Forensic photography is not like they show it in the CSI series. Reproducing accurately a crime scene or an accident scene requires a special sense of technicality, method and subtlety as the photographs are used either in court or as a tool to help the investigating process itself. It’s both a science and an art… but mostly, a science.
There are many things you need to get those perfect photos which can make the difference – correct lightning, accurate angles of lenses and multiple viewpoints are used by the investigator who is in charge with the items recorded and their exactitude and faultlessness. At least CSI movies have this right – the crime scene photos are at least sometimes extremely important in the investigation process. Also, you can’t afford to make any mistakes – because you’re not only ruining someone’s day, you’re potentially ruining an entire criminal case.
There are three types of forensic photographs, after the specificity level of the items they depict (how zoomed-in they are):
• Overview. If the accident or crime happened inside the setting of a building for instance, the overviews would be made of the surroundings and the localization of the place, as well as all the access points. Pictures of different subjects at the crime spot can help identify, locate and contact the suspects and the witnesses of the event. Imaging the rooms of the building and the views from there is also part of the overview level.
• Mid-range. The accuracy in taking those pictures is a vital part of a forensic approach since they have to be put in connection to other elements of the setting that are related to or might help solving the case. A gun on the floor for example is more relevant when connected to the bullets or a blood stain. Although it is the main element from the photograph, it is highly relevant for it to suggest a context in which it could have been used / implied in the crime or accident.
• Close up. These are the most specific types of images that a forensic photographer has to record. Their most apparently insignificant details have to be encrypted into the photos so that they can be used when and if needed. The images are taken in at least two copies of which one would have measurements to indicate distinct characteristics of it and the other one is kept in case the measurements on the photograph cover important details of the object. The most important clues of close ups are the marks that make the objects/subjects (corpses, for instance) identifiable – scratches, distinct features, traces of any kind.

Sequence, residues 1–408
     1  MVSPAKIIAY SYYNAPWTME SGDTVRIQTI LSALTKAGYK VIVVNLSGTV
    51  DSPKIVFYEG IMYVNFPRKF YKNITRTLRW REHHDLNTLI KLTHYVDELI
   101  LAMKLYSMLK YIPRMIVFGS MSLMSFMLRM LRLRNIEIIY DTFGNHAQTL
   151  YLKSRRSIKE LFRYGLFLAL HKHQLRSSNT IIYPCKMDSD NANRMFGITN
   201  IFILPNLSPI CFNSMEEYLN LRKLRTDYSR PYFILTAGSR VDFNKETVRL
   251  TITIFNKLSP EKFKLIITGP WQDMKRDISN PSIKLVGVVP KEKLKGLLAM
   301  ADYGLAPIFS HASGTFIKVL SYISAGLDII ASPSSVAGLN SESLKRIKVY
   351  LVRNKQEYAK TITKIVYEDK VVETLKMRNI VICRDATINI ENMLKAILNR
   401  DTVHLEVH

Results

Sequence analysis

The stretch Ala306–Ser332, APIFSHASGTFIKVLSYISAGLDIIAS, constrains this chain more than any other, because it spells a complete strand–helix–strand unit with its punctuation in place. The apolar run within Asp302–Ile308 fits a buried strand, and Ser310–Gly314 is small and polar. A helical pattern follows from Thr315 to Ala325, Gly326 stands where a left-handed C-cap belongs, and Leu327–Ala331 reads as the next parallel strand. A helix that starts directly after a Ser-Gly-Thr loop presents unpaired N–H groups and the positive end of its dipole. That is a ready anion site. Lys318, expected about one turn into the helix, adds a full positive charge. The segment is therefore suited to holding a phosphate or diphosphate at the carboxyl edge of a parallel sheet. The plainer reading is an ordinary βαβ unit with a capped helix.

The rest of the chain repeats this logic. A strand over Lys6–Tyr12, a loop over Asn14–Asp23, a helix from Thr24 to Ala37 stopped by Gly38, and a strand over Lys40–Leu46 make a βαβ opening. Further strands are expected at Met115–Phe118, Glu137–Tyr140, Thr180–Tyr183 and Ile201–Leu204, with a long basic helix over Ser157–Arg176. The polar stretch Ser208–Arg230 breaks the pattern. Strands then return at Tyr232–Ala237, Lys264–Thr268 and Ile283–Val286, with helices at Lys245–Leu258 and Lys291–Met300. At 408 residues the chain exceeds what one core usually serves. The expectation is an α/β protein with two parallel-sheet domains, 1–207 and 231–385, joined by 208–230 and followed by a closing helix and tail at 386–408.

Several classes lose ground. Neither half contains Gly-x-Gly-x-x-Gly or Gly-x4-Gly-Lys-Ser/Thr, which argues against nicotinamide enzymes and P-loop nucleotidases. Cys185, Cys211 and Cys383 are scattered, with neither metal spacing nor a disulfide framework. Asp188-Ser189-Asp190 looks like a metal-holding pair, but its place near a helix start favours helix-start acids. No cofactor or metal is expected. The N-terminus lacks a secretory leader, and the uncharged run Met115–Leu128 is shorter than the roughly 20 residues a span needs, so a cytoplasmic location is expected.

There are some special items that have to be carried whenever going to the crime place. Besides the obvious camera, filters and electronic flashes, the special equipment need to contain as well: distinct lenses for wide-angle, as well as for mid-range and close-up instancing, the measuring device for the close ups as well as a grey card along with a light meter to produce the correct illustrating the objects good enough to be usable in court if necessary.
These are the basics that any forensic photographer should carry, together with any other tools that can help precision and allow not to alter the proof. Concerning the image characteristics colorwise, most of the investigators prefer the colored pictures, but there are some special cases in which black and white photographs are more likely indicated as useful – such as when the texture and not the color is more relevant and suggestive, for instance when looking for fingerprints that can be observed with the naked eye, in order to be sent for forward compatibility analysis.
The tedious process of solving a crime can be turned into hell by taking the photographs in a wrong, inappropriate manner, up to the case where the images are not acceptable as evidence in court.
When accepted in court, the images are not only useful as evidence, but as a contextualization of the crime scene as well. A road traffic incident needs visual evidence to sustain the speeches such as traces and marks of the traffic collision. The close ups need to point out serious damage to sustain the demarche in front of the court, but the site has to be preserved on the collision state until all the evidence is taken (including the images), according to the Secure Digital Forensic Imaging methods in use.
One of the most controversial cases is the cause of Tay Bridge disaster when half mile section of the bridge collapsed in the storm taking a train into the estuary of Tay river. It was only in 1999-2000 when the photographs have been digitized to show the critical details. Contextualized, the cause of the incident seemed to have changed. Up until today, the official solution of an accident that took place back in 1879 was only finished according to the new technological breakthroughs a few years ago.
All in all, this seems like quite a big load of information, but the truth is, a lot of this comes with experience. Even the best photographer still has to take some time to adjust to the rigors of forensic photography, but even the most novice can, in time, learn the ins and outs of this job.